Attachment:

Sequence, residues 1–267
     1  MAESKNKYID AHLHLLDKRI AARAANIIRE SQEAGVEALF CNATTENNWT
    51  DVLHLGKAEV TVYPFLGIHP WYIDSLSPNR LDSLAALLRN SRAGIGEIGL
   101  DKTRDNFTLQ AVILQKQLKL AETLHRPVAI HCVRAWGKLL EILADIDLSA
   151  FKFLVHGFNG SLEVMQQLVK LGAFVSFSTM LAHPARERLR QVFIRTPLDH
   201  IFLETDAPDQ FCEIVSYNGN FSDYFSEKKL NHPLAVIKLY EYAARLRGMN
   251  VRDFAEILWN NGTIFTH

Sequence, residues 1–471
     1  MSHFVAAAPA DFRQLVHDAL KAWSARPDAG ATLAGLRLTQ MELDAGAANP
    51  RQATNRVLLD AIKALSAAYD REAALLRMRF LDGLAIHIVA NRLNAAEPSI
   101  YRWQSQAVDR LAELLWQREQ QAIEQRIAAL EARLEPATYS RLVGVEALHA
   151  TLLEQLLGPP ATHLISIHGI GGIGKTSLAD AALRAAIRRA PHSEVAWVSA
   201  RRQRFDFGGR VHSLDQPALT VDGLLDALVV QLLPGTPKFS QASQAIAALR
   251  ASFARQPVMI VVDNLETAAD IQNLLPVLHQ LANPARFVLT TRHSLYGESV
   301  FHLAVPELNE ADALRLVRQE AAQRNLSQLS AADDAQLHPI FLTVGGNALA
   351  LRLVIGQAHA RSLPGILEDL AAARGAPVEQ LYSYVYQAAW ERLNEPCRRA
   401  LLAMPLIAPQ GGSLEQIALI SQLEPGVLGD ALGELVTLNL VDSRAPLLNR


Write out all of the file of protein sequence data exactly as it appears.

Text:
Sequence, residues 1–267
     1  MAESKNKYID AHLHLLDKRI AARAANIIRE SQEAGVEALF CNATTENNWT
    51  DVLHLGKAEV TVYPFLGIHP WYIDSLSPNR LDSLAALLRN SRAGIGEIGL
   101  DKTRDNFTLQ AVILQKQLKL AETLHRPVAI HCVRAWGKLL EILADIDLSA
   151  FKFLVHGFNG SLEVMQQLVK LGAFVSFSTM LAHPARERLR QVFIRTPLDH
   201  IFLETDAPDQ FCEIVSYNGN FSDYFSEKKL NHPLAVIKLY EYAARLRGMN
   251  VRDFAEILWN NGTIFTH

Sequence, residues 1–471
     1  MSHFVAAAPA DFRQLVHDAL KAWSARPDAG ATLAGLRLTQ MELDAGAANP
    51  RQATNRVLLD AIKALSAAYD REAALLRMRF LDGLAIHIVA NRLNAAEPSI
   101  YRWQSQAVDR LAELLWQREQ QAIEQRIAAL EARLEPATYS RLVGVEALHA
   151  TLLEQLLGPP ATHLISIHGI GGIGKTSLAD AALRAAIRRA PHSEVAWVSA
   201  RRQRFDFGGR VHSLDQPALT VDGLLDALVV QLLPGTPKFS QASQAIAALR
   251  ASFARQPVMI VVDNLETAAD IQNLLPVLHQ LANPARFVLT TRHSLYGESV
   301  FHLAVPELNE ADALRLVRQE AAQRNLSQLS AADDAQLHPI FLTVGGNALA
   351  LRLVIGQAHA RSLPGILEDL AAARGAPVEQ LYSYVYQAAW ERLNEPCRRA
   401  LLAMPLIAPQ GGSLEQIALI SQLEPGVLGD ALGELVTLNL VDSRAPLLNR